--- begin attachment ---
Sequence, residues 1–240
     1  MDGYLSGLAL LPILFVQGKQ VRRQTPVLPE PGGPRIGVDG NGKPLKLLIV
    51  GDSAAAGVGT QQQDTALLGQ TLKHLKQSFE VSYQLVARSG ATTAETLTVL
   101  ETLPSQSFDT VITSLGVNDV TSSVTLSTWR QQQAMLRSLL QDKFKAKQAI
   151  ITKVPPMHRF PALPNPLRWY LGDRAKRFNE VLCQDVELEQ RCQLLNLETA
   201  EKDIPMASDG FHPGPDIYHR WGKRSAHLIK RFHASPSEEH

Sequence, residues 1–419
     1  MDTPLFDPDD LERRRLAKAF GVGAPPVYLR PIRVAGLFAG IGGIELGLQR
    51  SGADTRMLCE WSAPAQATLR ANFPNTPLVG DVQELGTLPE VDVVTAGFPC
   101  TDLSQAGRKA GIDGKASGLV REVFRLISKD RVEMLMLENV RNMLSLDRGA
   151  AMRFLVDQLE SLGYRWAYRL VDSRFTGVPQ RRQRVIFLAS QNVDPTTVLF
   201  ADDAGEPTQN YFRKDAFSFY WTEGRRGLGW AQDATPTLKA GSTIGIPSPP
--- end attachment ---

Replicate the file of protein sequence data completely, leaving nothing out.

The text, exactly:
Sequence, residues 1–240
     1  MDGYLSGLAL LPILFVQGKQ VRRQTPVLPE PGGPRIGVDG NGKPLKLLIV
    51  GDSAAAGVGT QQQDTALLGQ TLKHLKQSFE VSYQLVARSG ATTAETLTVL
   101  ETLPSQSFDT VITSLGVNDV TSSVTLSTWR QQQAMLRSLL QDKFKAKQAI
   151  ITKVPPMHRF PALPNPLRWY LGDRAKRFNE VLCQDVELEQ RCQLLNLETA
   201  EKDIPMASDG FHPGPDIYHR WGKRSAHLIK RFHASPSEEH

Sequence, residues 1–419
     1  MDTPLFDPDD LERRRLAKAF GVGAPPVYLR PIRVAGLFAG IGGIELGLQR
    51  SGADTRMLCE WSAPAQATLR ANFPNTPLVG DVQELGTLPE VDVVTAGFPC
   101  TDLSQAGRKA GIDGKASGLV REVFRLISKD RVEMLMLENV RNMLSLDRGA
   151  AMRFLVDQLE SLGYRWAYRL VDSRFTGVPQ RRQRVIFLAS QNVDPTTVLF
   201  ADDAGEPTQN YFRKDAFSFY WTEGRRGLGW AQDATPTLKA GSTIGIPSPP